By getting the right information, I can calculate the required bandwidth for the storage. The general rule is that more hard drives and more raid controllers will provide you with more bandwidth, but in order to be able get all this bandwidth out of storage, you would need also the correct cards for your throughput (I/O). Those are your 1GbE, 10GbE or even 40GbE Ethernet or Fiber channel cards at the back of the storage.
However it is not all this simple as different resolutions and bit rates causes different seek time. For example, if one raid system with 16 drives can play 2 streams of 2K files at 350MB/s each stream, which is around 700MB/s, it does not mean that it would be able to play 190 DV streams (each stream of DV is 3.7MB/s so 700 / 3,7 = 189).
This is because of seek time. A handy general rule regarding the seek time is that the smaller the file size and the bit rate, the more seek time you require. Also, more drives in shared storage means that video file will play only when all heads for each of the 16 drives are in the right position. However, if you use SSD drives there is no seek time and the calculation above would actually be OK.
Now let's compare some of the popular HD and Digital Cinema resolutions and codecs. HD can be 720p or 1080i/p, compressed or uncompressed, 8 or 10 bit and can use different codecs, like ProRes, DNxHD, AVC-intra etc. with bandwidth required from 4MB/s up to 180MB/s for full HD RGB 10Bit 444.
The video formats above are each referred to by their vertical (y - axis) resolutions, whereas the digital cinema formats below are referred to by their horizontal resolution.
2,3,4,5 or even 6K can have resolutions from 2048 x 2160 up to 6144 x 3160 and can use codecs such as XAVC, R3D, Arri raw etc. with bandwidth required for each video stream from 30MB/s for 4K Sony XAVC422 10Bit or R3D at 40MB/s up to full 4k DPX uncompressed 10Bit 24fp/s at astonishing 1.27GB/s!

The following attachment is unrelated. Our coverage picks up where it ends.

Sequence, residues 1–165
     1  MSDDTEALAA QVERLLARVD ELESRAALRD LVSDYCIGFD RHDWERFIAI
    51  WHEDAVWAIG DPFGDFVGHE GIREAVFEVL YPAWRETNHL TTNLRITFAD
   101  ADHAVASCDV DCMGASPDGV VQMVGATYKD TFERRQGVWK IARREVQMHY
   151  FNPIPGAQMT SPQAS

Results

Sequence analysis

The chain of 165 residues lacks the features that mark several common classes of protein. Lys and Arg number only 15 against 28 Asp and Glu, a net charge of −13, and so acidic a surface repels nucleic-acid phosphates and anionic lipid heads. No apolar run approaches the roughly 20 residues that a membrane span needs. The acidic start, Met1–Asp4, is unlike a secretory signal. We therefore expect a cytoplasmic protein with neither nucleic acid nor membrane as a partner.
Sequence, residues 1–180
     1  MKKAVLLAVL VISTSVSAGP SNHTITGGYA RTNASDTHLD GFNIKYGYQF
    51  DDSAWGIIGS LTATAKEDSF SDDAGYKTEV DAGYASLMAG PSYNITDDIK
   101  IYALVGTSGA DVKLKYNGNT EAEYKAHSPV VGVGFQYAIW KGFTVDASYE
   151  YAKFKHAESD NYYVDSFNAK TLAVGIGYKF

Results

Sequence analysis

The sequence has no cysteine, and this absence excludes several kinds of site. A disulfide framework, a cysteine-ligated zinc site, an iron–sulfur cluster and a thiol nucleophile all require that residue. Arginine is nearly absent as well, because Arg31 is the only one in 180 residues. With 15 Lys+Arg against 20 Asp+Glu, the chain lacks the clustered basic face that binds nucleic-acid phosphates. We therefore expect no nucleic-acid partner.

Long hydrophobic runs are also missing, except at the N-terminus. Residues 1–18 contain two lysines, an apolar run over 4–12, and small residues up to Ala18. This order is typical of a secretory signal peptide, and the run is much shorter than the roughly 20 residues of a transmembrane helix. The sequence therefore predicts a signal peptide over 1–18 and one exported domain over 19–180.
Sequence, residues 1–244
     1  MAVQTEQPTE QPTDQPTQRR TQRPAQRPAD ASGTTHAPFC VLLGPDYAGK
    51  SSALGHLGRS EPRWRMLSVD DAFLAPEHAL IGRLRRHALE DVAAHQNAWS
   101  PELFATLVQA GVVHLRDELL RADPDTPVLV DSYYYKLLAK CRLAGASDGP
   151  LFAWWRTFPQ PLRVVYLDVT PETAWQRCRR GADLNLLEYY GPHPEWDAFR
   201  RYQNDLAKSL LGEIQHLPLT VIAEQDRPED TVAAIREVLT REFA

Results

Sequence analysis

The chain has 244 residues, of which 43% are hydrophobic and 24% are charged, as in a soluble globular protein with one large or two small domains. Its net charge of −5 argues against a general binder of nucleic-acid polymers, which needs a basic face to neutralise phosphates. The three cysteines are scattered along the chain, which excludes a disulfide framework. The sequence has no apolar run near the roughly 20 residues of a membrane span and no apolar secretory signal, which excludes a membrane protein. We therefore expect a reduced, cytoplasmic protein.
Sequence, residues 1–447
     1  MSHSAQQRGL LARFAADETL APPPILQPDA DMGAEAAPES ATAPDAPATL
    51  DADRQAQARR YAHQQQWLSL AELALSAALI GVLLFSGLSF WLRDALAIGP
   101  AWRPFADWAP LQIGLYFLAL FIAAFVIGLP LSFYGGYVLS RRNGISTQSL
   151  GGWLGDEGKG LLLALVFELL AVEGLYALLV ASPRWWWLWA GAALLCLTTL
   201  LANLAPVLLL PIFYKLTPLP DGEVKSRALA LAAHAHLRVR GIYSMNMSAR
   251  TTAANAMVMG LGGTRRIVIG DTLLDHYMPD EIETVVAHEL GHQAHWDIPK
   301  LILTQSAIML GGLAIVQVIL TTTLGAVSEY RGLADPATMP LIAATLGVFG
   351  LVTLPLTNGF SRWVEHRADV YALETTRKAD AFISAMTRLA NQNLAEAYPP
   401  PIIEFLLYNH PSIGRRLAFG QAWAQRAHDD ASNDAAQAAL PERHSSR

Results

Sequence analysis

2k = 2048 wide (2 x 1024, where 1024 is 1K) so it's 2048 x 1152
3k = 3072 wide (3 x 1024) for 3072 x 1728
4k = 4096 wide (4 x 1024) for 4096 x 2304 etc.
How about workflow?
With some cameras, such as the Sony F55 camera, you can capture both HD and 4K images simultaneously, so you can do rough editing of material using the HD proxies while the 4K RAW files are archived, colour-corrected etc. Working with lower resolution means your editing will be so much easier and the response in NLE application will be faster. There are a few workflows available, but in relation to editorial there are 2 ways:
Native Editing and Transcoded Editing
With native editing, you edit files as you captured them. It is more difficult and most editors try to avoid this, as in general it means you need to have the fastest PC and the fastest storage.
If a client will need lower resolution files for Dailies, they will usually create ProRes or DNxHD files for offline editing and then after the editing is done they can simply relink this final edit (AAF/ XML file) with original material from the camera for final grading which is the final step in this process. BMD Resolve would be a good and inexpensive starting point in the grading process.
Of course, in any modern workflow with thousands of files or projects, MAM or PAM will be of great help and Focal Point Servers deserve to be looked at.As you can see, one of most important components in workflow for any company is shared storage. It needs to be easy to use, with all the right tools and most importantly, it needs to be very fast.
My recommendation is of course DDP - Ethernet based SAN system and 2014 award winning shared storage by IABM - International Association Broadcasting Manufactures.
Don't take just my word for it (or the word of 22 independent judges); check out DDP at your dealer and see the difference for yourself."